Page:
Byline: Lisa Lockwood

NEW YORK — Tommy Hilfiger has decided to delay the launch of a bridge collection and go the women’s jeans and better casualwear route instead, at least for now.
The hot men’s wear designer said he’ll focus his efforts on developing what he projects will be a $100 million jeans and casual business with his sister company, Pepe Jeans London Corp. That ambitious volume target is only for the first year, however, and Hilfiger speculated that in three to five years the business could eclipse his $400 million-plus men’s operation.
Hilfiger’s game plan had been to introduce a women’s bridge sportswear line under license sometime in 1997. A license for that line is still a possibility, but not in the foreseeable future.
“To be honest, the research kept telling us that the bridge business is having major problems. I don’t know if it’s the appropriate time to jump into that situation. I’d rather go into a situation that would be explosive for me,” said Hilfiger Wednesday.
Hilfiger’s jeans and casualwear line, to bow in March for fall 1996 selling, is expected to hit $80 million to $100 million at wholesale the first year. A women’s ad campaign will break in July.
Last June, after assessing the costs and benefits of developing a women’s bridge line internally, Hilfiger decided the firm would seek a licensee for bridge sportswear. Jay Margolis, who at the time was president and vice chairman of Hilfiger, had been spearheading the women’s project and left the firm at the time of the announcement. The company then began talking to leading sportswear firms about licensing opportunities. Liz Claiborne Inc. was among them, as reported, but talks never progressed, said Hilfiger.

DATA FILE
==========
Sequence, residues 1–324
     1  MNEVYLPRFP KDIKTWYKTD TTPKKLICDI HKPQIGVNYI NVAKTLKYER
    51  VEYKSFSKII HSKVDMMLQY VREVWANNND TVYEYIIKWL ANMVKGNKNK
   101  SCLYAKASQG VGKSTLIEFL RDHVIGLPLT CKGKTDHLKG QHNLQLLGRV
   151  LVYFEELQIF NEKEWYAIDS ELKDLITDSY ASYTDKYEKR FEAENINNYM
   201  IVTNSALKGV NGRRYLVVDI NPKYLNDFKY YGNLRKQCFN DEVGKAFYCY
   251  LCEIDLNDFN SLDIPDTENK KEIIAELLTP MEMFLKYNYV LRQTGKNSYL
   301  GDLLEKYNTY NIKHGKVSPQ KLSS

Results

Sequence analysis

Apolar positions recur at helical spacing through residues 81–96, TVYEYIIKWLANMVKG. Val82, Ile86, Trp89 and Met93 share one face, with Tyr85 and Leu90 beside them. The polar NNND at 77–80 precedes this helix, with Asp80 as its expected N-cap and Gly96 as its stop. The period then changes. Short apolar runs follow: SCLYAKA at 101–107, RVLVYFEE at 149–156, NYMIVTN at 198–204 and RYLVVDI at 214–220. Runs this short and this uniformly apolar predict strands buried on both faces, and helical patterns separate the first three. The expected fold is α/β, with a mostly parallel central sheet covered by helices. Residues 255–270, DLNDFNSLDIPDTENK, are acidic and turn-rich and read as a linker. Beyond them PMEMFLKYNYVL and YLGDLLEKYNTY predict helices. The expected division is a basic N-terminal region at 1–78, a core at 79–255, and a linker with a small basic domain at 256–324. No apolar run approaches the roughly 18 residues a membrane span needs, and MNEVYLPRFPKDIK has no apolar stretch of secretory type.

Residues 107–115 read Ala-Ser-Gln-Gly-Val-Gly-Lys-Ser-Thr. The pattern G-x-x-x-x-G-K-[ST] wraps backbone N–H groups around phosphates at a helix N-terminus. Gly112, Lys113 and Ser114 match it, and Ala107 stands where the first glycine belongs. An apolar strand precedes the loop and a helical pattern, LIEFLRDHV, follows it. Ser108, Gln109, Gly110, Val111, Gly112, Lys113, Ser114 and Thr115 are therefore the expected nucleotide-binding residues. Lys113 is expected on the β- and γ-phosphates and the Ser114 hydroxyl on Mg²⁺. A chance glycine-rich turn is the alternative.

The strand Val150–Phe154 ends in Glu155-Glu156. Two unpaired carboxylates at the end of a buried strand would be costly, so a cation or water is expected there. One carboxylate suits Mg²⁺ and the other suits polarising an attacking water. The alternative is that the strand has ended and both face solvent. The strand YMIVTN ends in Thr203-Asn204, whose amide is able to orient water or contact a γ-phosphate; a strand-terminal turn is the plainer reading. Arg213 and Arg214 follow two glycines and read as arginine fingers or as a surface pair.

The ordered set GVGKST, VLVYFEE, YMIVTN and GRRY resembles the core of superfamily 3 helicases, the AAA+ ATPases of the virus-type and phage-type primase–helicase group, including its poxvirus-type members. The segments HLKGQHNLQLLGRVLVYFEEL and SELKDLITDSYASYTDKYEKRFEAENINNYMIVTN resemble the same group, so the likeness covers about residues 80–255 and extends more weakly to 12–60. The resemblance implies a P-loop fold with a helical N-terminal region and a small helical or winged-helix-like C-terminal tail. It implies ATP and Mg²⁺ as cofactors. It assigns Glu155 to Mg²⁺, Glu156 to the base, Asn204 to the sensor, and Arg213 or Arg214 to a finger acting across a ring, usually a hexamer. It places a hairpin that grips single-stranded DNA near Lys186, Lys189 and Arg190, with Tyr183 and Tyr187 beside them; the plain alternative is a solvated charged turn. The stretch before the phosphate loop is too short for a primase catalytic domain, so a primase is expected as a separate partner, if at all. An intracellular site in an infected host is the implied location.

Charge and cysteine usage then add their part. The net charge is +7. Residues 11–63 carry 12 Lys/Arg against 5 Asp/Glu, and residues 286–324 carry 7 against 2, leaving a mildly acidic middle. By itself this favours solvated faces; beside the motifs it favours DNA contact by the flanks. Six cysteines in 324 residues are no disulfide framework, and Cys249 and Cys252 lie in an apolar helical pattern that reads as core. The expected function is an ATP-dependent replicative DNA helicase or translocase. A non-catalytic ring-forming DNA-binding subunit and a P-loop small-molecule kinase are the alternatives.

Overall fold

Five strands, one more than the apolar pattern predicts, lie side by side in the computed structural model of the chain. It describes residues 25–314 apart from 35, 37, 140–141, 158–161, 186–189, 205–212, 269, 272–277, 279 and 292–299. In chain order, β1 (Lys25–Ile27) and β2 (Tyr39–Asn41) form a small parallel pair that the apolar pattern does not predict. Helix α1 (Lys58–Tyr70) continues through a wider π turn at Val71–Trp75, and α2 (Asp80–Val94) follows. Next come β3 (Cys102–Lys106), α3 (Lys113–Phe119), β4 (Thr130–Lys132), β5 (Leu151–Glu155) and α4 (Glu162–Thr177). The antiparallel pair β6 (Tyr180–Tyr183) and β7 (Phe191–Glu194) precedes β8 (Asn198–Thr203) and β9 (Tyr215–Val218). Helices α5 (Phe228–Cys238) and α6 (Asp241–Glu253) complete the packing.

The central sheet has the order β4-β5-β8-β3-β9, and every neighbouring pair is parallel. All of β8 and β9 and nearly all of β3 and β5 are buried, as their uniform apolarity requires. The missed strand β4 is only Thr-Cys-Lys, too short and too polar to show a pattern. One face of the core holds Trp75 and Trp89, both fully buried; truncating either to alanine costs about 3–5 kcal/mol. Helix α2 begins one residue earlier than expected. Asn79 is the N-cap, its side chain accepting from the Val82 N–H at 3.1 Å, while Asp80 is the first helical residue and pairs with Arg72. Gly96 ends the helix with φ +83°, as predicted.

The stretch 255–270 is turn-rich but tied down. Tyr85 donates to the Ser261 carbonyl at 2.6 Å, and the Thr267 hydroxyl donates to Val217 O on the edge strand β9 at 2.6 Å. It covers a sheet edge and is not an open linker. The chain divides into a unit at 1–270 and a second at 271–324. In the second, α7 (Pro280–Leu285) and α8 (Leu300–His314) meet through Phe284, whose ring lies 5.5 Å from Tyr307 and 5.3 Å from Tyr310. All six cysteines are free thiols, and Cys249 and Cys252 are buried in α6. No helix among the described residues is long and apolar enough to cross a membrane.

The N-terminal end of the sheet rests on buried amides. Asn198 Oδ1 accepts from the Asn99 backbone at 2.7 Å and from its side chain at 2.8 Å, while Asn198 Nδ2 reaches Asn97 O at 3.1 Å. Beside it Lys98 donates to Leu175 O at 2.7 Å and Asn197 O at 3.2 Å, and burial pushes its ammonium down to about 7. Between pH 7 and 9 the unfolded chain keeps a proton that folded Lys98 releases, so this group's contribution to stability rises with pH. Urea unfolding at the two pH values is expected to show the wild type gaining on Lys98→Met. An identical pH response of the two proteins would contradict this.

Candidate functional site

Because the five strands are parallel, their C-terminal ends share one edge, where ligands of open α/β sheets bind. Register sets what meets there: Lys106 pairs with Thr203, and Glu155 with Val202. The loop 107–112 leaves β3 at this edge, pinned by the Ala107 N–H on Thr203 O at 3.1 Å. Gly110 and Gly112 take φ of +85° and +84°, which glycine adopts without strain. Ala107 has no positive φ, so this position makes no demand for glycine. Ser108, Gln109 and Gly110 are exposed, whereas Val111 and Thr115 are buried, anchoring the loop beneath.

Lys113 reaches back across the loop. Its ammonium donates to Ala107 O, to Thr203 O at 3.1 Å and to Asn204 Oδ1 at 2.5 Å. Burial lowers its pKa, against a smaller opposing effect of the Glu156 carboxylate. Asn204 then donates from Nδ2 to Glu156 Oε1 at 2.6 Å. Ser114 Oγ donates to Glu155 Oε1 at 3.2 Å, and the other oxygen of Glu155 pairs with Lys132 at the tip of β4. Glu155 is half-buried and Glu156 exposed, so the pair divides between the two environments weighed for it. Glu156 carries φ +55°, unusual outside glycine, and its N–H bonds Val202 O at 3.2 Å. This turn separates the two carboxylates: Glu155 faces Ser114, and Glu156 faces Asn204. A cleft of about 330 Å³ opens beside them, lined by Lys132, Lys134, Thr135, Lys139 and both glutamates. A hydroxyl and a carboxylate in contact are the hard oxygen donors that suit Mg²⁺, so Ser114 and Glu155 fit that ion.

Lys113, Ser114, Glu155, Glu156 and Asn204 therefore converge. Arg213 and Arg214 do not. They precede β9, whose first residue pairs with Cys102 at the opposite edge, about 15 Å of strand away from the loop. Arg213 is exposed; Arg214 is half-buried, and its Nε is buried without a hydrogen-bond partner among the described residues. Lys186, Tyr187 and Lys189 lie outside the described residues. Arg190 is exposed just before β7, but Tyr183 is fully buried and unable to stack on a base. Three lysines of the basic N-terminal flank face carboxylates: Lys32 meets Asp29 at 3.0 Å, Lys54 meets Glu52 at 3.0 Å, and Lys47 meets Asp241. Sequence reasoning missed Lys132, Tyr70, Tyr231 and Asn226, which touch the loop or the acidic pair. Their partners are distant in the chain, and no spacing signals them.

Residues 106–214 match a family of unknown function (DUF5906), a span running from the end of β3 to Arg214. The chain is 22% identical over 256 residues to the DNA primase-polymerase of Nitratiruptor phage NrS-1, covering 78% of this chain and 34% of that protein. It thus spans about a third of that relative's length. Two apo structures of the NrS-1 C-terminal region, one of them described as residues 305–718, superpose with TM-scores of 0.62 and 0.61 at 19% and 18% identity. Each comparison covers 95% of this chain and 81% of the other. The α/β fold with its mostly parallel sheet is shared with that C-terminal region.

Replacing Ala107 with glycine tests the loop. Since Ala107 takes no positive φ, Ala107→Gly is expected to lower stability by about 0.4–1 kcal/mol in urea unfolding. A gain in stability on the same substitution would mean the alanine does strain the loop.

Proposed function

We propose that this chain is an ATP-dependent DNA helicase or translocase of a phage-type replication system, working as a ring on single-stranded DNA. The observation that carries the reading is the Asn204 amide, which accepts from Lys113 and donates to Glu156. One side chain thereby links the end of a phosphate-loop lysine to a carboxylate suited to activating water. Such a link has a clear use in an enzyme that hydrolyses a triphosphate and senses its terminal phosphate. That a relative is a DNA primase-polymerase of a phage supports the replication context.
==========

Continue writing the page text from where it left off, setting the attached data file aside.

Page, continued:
In August, Hilfiger signed a licensing deal with his affiliate firm, Pepe, to launch a women’s and men’s jeanswear line. That idea has now mushroomed into a total jeans and casualwear collection at better price points. Tommy Jeans, as the jeanswear is called, and Tommy by Tommy Hilfiger, the casualwear line, is headed by Bubbles Bott, president.
Asked if development of the new casualwear line, produced by a sister company, runs contrary to the firm’s cost findings, Hilfiger said, “It’s going to cost initially for the setup, but we like to do things in the proper way. We won’t allow any stores to buy products without committing to opening shops.”
“At first I started designing jeanswear and added related products. It kept winding out [into more products],” said Hilfiger, noting that the casualwear will encompass twill skirts, jeans skirts, twill trousers, blouses, tops, sweaters and jackets.
“It’s a complete collection,” said Hilfiger, who noted that it’s priced at the same better-priced level as his men’s sportswear.
Hilfiger said this line won’t preclude him from doing a bridge sportswear collection down the road, but added: “I want to make sure this is flawless first.”
“I think it will be a massive business,” he said.
“Eventually we think it will probably be larger than our men’s business, which does between $400 million and $500 million,” said Hilfiger. “I think there’s a big void between Guess and DKNY,” explained Hilfiger, who plans to put himself smack in the middle. “It’s for people who have great style, who want to be up to the minute in terms of trends,” he said.
Hilfiger said he’s consistently taken a cautious approach to launching businesses, and he’s in no rush to jump into the bridge sportswear arena. “Today I could probably sign 50 licensees, but I don’t want to. I want every situation to be well thought out.”

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